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Will Your Child Go to Jail If They Are Accused of a Crime?

 Posted on January 18,2024 in Juvenile Crimes

CT defense lawyerIf your child is accused of a crime, it is possible that he or she may be sent to juvenile detention. However, your child must be at least 10 years old to be tried in juvenile court

If law enforcement does decide to charge your child with a crime, there are several options that may be explored in lieu of detention. A Stamford, CT, Juvenile Defense Attorney can provide an overview of alternative forms of rehabilitation in Connecticut’s youth justice system.

Juveniles and the Court System

Connecticut law recognizes three forms of youth offenders:

  • Juvenile delinquents: Youths under the age of 16 who violate a federal law, state law, or local ordinance
  • Serious juvenile offenders: Youths who may be tried as adults for committing serious juvenile offenses
  • Youthful offenders: Youths between the ages of 14 and 18 who violate the law are given this special status

According to CGS § 54-76b, youths 16 and 17 years of age will be tried as adults, no matter the crime they committed. Children younger than 14 years old will not be tried as adults, regardless of the crime

However, there are circumstances in which a youth who is 14 years old can be placed on the regular criminal docket, including:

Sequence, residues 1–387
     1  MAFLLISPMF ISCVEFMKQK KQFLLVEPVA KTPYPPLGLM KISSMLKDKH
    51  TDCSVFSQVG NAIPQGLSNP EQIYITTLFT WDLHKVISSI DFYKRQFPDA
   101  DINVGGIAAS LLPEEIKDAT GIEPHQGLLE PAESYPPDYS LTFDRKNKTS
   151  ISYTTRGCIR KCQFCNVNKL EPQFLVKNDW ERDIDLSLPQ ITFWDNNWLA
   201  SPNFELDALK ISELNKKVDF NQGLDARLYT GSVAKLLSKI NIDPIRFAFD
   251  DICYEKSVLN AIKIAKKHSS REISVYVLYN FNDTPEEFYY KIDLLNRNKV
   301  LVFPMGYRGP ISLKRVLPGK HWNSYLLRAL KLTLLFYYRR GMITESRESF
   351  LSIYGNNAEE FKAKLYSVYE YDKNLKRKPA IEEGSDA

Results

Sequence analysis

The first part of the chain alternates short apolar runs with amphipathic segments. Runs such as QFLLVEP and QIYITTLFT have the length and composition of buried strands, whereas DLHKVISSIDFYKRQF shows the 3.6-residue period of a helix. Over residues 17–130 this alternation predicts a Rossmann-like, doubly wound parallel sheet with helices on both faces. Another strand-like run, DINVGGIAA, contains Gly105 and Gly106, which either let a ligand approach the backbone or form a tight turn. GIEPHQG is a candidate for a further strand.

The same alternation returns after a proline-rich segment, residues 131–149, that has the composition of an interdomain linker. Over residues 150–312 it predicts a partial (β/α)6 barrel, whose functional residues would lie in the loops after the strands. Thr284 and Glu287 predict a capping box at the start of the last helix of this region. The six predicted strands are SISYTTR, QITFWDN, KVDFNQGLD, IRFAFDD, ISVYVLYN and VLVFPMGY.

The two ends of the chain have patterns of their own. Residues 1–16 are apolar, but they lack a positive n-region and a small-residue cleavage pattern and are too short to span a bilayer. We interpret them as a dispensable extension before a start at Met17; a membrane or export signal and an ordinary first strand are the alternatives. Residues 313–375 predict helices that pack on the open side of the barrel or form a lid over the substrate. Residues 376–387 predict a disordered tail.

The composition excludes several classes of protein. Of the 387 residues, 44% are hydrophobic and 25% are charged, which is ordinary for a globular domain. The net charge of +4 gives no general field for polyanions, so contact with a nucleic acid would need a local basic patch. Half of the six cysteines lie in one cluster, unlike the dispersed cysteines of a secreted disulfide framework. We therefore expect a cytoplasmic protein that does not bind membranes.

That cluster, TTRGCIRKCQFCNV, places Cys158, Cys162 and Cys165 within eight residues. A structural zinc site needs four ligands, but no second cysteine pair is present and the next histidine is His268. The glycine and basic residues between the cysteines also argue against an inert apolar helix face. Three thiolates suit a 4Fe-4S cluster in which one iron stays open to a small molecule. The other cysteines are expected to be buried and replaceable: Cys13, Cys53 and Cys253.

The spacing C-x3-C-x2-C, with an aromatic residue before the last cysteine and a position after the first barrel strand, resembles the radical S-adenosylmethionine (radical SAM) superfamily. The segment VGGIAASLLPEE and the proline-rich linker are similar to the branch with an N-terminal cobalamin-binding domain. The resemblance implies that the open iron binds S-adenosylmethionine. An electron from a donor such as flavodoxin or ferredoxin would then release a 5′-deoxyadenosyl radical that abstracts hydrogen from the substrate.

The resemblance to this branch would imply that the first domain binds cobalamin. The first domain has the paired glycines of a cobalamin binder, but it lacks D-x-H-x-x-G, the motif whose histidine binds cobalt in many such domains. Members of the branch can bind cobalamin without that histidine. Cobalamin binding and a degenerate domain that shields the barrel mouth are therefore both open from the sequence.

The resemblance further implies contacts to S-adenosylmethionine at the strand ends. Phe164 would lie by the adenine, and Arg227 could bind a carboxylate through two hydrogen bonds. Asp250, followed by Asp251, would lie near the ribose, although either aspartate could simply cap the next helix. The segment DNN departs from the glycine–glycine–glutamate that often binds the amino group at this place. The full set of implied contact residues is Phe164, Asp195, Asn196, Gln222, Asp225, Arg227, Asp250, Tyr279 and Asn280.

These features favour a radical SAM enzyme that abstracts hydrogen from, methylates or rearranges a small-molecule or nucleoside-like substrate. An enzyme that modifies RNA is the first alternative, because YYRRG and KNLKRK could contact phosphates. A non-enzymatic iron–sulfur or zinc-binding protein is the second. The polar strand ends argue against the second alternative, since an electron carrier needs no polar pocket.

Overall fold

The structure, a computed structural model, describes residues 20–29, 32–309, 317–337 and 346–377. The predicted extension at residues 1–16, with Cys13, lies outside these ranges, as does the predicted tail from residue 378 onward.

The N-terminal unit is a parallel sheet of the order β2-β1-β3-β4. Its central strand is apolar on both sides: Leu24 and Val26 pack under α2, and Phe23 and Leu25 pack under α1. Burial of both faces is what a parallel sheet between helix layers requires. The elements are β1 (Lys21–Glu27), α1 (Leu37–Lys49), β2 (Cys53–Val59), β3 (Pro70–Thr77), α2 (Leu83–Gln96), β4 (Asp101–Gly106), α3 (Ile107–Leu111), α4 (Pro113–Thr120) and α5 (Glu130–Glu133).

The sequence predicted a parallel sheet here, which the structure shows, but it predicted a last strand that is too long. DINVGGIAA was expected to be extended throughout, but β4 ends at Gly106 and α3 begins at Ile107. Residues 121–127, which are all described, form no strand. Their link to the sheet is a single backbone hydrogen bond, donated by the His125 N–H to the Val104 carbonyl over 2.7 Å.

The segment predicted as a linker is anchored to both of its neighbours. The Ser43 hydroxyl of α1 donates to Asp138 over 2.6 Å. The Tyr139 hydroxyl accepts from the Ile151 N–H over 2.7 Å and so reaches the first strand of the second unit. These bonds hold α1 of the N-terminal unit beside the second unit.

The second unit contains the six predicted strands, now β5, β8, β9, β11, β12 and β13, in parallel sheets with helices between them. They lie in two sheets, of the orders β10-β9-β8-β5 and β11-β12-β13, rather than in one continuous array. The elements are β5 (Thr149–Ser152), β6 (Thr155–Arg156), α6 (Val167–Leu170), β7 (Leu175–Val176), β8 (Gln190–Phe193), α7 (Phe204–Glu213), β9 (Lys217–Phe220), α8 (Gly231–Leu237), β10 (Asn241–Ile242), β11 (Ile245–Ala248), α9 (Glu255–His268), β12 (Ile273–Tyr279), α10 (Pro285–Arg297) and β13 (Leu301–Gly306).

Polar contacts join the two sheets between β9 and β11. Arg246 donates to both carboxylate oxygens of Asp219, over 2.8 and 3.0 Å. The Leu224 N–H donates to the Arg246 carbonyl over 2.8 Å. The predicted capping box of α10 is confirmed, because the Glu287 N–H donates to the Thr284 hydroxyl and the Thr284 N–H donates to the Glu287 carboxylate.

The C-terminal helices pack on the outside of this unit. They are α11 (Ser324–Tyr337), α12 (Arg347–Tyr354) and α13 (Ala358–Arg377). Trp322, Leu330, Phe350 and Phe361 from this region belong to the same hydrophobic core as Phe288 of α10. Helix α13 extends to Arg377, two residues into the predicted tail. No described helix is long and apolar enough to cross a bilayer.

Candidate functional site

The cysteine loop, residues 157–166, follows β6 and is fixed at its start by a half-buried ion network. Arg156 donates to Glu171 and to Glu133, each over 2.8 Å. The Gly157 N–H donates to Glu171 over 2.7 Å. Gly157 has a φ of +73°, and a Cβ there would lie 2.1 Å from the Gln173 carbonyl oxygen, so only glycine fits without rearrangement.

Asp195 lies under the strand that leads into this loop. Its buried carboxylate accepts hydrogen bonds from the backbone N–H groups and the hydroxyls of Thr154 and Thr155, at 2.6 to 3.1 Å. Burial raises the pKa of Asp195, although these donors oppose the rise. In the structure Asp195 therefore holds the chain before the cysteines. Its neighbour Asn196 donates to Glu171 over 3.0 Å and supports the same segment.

• If your child is charged with a Class A felony other than murder
  • If your child is charged with a Class B or Class felony with a prior record
  • If your child is deemed a danger to society

The moment your child is arrested, you will want to contact a Fairfield County juvenile defense attorney who understands young adult matters.

What Happens Following an Arrest?

If your child is arrested, there are several options available:

The Police May Refer Your Child to a Juvenile Review Board 

A Juvenile Review Board (JRB) may be available in your town, or a similar service may be provided by your community. You will need to appear with your child. If your child admits wrongdoing and the JRB sees that you are cooperating, the board will offer services to help your child

JRB is a service that is offered in Connecticut and prevents your child from having a juvenile record.

The Police May Issue a Summons

Youths who commit crimes are not always taken into custody, read their rights, or have a police photograph or fingerprints taken. If your child is issued a summons, he or she must appear in court on a certain date, accompanied by a guardian or parent

The Police May Release Your Child

Law enforcement may release your child to a suitable guardian or parent. The police officer may still issue a summons, which means that your child must appear in court on a certain date.

If your child does not appear in court, your child may be charged with Failure to Appear. At this time, a judge could issue a warrant for your child’s arrest, which could result in your child being placed in juvenile detention

Contact a Stamford, CT, Juvenile Defense Attorney Today

You worry about your child all the time, especially if your child or teenager ends up on the wrong side of the law. If your child is facing criminal allegations, you need a Fairfield County, CT, juvenile defense attorney who knows how the court system works for youth offenders. Contact Law Offices of Daniel P. Weiner today online or by calling 203-348-5846 to schedule your free consultation

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